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Anderson Tartan

The Anderson tartan is unique: it is the only tartan to have seven colours (all others have six or less).

The colours
Tartans are believed to reflect the natural colours of the region they come from. Rather like a secret recipe, these colours were originally known only to the skilled weavers with their local knowledge.

The Anderson colours are primarily a rich blue with yellow, green and red in the plaid; white, black and navy are also present.

Three main variations exist:

• Ancient colours, derived from authentic, natural dyes

An example of 'Ancient' Anderson showing a predominantly green base but colours do vary enormously

 

 

 

 

 


• Modern colours, derived from the use of modern chemical dyes

This example of the 'Modern' Anderson shows the strong dominant blues which has made this variant popular in recent times

 

• Muted colours which simulate a “weathered” tartan.

This variant is the 'Weathered' Anderson tartan and is a sample of the heavy-weght Strome material of Brian's kilt and plaid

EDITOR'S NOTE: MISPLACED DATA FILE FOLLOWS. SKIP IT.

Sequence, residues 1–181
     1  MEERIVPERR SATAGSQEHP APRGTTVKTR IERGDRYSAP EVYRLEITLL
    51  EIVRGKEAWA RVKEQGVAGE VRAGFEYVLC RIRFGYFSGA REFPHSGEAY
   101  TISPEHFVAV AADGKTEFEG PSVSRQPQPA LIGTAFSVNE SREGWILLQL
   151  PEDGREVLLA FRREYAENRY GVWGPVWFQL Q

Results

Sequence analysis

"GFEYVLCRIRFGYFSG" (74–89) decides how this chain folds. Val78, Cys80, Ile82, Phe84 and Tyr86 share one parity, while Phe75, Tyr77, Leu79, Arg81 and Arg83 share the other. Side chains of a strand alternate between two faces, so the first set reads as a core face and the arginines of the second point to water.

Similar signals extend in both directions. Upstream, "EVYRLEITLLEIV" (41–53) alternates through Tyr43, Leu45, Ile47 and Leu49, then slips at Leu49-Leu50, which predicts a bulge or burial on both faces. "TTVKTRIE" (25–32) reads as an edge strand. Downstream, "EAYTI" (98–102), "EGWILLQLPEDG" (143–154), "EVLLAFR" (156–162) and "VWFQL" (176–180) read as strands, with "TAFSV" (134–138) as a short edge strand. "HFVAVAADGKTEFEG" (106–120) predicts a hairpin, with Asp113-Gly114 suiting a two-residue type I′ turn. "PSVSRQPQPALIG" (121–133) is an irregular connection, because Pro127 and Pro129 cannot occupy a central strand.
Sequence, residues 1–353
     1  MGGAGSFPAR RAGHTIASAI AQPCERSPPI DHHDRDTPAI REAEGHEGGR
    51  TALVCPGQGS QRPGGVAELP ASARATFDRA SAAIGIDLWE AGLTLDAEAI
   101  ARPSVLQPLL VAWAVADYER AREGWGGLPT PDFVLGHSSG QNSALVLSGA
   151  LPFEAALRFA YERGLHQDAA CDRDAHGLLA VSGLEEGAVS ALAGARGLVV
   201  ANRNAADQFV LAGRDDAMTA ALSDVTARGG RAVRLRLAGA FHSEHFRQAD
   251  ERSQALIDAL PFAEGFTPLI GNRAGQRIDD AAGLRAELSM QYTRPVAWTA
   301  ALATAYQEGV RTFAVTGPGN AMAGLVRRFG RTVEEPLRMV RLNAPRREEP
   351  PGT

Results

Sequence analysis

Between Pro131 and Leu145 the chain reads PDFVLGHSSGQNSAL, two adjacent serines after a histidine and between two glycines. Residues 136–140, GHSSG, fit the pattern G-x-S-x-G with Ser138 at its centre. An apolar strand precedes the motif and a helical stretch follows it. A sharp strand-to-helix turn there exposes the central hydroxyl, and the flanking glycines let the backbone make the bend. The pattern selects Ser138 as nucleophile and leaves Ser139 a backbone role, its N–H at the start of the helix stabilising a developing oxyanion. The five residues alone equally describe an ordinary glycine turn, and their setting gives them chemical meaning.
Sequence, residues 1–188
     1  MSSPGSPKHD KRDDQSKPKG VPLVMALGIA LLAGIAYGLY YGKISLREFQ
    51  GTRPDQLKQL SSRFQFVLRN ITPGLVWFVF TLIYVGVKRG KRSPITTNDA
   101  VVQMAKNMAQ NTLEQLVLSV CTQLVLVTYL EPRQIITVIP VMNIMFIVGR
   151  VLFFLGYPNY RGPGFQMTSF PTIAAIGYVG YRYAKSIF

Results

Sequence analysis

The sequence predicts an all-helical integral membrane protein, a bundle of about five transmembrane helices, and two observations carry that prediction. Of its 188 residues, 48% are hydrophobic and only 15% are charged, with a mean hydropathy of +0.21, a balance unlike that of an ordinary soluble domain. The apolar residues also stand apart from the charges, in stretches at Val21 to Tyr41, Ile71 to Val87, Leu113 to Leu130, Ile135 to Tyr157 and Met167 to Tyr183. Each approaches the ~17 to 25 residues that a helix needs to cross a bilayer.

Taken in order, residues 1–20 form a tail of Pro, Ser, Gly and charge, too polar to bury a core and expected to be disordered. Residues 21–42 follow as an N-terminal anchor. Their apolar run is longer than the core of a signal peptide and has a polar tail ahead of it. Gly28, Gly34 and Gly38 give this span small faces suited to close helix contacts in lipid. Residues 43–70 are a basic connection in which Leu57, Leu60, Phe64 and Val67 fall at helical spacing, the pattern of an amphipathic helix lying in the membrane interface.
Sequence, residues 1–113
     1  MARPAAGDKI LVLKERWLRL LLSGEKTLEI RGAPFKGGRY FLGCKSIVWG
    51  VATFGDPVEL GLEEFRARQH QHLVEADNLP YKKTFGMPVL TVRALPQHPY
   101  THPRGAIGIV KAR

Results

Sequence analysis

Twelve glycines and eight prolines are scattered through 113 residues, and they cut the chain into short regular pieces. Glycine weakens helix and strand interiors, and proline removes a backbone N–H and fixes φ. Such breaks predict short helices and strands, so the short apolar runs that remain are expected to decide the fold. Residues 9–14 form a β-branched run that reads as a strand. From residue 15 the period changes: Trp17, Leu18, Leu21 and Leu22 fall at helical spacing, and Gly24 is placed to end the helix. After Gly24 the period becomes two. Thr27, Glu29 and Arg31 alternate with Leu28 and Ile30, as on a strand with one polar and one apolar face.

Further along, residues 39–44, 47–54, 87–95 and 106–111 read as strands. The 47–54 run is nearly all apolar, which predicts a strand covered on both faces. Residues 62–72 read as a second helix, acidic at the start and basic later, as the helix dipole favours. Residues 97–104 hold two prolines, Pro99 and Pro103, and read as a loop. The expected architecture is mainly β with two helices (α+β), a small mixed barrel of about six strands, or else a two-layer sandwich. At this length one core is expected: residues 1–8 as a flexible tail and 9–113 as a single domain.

The function of tartan
There is much debate about the role and significance of a tartan.

One authority claims that a tartan was the badge of a region. Anyone from that region, irrespective of their family, could wear the tartan. Variants developed to reflect family origins.

Another theory is that tartan was a distinction of rank. A tartan with just one colour signified you were a peasant. A tartan with seven meant you were a chief. As the Anderson tartan is the only one with seven colours, we find this a compelling theory.

You can find out more about tartan by going to our page of useful links.